How Is RLS Treated if You Have Arthritis?
RLS is treated the same whether or not you have RA, explains rheumatologist Vinicius Domingues, MD, CreakyJoints medical advisor and assistant professor of medicine at Florida State University. Still, it’s important to manage your RA and keep it under good control for your overall health.
Sometimes, treating an underlying condition can relieve symptoms of RLS. If your iron levels are low, for example, your doctor may prescribe iron supplements to correct the deficiency. However, do not take iron supplements without checking with your doctor first.
If you have RLS without an associated condition, treatment may focus on lifestyle changes first. Some steps to help alleviate symptoms:
- Cut back on caffeine, alcohol, and nicotine to help improve sleep
- Take a warm bath and massage your legs to relax your muscles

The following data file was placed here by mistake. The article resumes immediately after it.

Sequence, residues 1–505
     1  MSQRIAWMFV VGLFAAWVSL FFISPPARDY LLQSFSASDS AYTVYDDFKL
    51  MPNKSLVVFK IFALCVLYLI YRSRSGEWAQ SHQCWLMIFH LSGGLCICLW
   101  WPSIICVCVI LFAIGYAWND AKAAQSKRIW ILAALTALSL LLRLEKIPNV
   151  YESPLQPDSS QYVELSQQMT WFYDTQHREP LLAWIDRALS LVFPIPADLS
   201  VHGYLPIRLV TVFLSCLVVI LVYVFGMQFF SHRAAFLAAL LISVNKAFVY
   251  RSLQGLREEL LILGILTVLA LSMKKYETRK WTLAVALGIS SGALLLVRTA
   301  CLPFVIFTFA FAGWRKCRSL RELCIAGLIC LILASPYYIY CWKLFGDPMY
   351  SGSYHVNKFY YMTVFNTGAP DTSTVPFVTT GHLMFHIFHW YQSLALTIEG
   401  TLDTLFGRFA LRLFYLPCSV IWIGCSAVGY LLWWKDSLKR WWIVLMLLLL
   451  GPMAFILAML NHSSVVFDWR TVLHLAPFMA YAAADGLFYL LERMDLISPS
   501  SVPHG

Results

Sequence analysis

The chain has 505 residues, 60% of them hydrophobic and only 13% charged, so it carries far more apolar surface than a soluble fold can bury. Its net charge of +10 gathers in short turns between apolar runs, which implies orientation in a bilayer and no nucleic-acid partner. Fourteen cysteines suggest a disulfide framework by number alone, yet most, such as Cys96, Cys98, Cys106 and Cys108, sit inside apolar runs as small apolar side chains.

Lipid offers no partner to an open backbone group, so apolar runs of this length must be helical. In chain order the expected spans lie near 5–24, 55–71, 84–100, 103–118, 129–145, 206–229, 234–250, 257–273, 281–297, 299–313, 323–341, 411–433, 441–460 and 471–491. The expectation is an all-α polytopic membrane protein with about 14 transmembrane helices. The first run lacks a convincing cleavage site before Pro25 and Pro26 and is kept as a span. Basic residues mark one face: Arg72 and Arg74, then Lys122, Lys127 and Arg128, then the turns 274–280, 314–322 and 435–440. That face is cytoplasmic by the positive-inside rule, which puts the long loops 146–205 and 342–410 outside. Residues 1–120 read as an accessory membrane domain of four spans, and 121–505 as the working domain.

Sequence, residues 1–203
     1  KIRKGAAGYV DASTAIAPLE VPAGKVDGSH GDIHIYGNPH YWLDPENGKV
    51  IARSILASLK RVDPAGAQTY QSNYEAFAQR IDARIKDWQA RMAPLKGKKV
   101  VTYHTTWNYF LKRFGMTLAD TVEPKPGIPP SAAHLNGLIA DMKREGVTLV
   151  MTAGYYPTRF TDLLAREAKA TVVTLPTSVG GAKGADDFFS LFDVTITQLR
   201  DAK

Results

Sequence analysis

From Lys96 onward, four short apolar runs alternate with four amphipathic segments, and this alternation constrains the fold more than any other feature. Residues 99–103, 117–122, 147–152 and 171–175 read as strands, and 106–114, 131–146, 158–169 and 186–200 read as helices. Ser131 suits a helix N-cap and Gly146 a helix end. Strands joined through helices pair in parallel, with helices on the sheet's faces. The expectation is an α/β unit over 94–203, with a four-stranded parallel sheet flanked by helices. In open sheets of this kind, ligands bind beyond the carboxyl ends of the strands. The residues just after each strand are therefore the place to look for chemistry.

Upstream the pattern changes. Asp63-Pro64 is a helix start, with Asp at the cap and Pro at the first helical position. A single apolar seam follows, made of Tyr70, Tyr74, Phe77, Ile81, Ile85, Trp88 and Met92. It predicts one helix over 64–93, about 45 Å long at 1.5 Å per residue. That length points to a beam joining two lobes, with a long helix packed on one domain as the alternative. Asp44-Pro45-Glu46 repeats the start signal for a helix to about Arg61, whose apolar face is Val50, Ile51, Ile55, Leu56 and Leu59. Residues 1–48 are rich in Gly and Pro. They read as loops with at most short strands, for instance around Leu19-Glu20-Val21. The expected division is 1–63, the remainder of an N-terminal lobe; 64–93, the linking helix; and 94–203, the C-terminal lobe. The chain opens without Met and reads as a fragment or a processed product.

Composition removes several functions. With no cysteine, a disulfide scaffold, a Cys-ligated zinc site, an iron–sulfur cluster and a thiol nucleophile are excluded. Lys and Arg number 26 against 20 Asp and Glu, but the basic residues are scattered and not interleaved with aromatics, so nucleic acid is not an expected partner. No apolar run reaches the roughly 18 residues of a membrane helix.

- Try a heating pad or cold pack to lessen sensations in your legs
- Stick to a regular sleep schedule
Your doctor may also prescribe medications to reduce the restlessness in your legs, such as:
- Medicines to increase dopamine in the brain
- Anti-seizure drugs to slow or block pain signals from nerves in the legs
- Muscle relaxants and sleep medications
- Opioids to treat refractory RLS that hasn’t responded to other therapy
It may take a few trials for you and your doctor to find the right treatment combination that works for you. Talk to your doctor about potential side effects of RLS medications, and which may be safest for you.